Jane sat at home with butterflies in her stomach as she listened to her father talk politics. She was excited about her new job, but nervous to tell her parents. She wasn’t sure how her father would react to the fact that she would be working in the Governor’s house, everyday. He had developed a growing interest in the patriot cause since he had little else to keep his interest during recovery. And as money was tight he had an ever growing resentment towards the taxes imposed by mother England. Jane contemplated all this and hoped her father would not be angry about her new job. She decided since nothing was concrete, she would just keep the news to herself while she worked for the next week. Jane jumped at the sound of her father’s voice. “I’m sorry pa, I didn’t hear what you said,” said Jane.
“I was asking what you were doing tomorrow,” replied Pa.
“Oh, I have some errands to run. I’ll be gone for most of the day.” Jane had not thought about how she would account for her time during the week. Maybe it would be best to tell her mother what she was doing. If she was going to keep this a secret she was going to need back up.
Jane let her hands soak up the warmth of the water as she cleaned the dishes. Her mother was washing clothes next to her. In order to earn a little extra money Jane and her mother had taken on some extra laundry form the people in town. It helped, but it was not enough and Jane and her mother both knew that.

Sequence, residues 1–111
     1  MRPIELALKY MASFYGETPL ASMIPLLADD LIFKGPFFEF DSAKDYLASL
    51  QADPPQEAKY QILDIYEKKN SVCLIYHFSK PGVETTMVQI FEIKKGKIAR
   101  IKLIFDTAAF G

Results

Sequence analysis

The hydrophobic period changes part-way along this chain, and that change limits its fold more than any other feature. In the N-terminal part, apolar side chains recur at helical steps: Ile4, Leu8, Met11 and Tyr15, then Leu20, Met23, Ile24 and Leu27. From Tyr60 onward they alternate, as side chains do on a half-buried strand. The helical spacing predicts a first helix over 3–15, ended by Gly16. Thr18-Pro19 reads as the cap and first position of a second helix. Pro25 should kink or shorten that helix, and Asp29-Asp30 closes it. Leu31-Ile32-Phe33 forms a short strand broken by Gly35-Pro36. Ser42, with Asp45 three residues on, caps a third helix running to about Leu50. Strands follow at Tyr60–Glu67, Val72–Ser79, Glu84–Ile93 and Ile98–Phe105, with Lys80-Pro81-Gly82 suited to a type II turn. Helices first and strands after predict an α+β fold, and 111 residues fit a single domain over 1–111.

“Mama,” said Jane
“I, uh, wanted to tell you something.”
“Well, I went looking for a job today. I thought we could use the money.” Jane’s mother paused from her work and looked at her daughter with soft eyes.
“That’s very responsible of you Jane,” Mama replied with pride. “You’re right we could use a little extra income around here,” as she returned to her washing.
Jane and her mother washed quietly side by side for a while, both ignoring the obvious question. “Mom,” Jane finally decided to break the silence, “how do we tell Pa that I’m working for the governor?”
“Well Jane, I think, we don’t.”
“For right now we just don’t tell your father. Your father, he’s a proud man, he’s a proud patriot. He is already feeling weak right now, finding put that you are working for the governor and giving the money to us would only hurt him. So for now we’ll just keep it between us. If he asks what you’re doing each day, we’ll just tell him that you’re are delivering laundry.”
“I’ve never really lied to Pa before, not like this, but if you think it’s best then I guess that’s what I’ll do.”
“I do Jane, I do think this is best, for now.”
To Be Continued . . .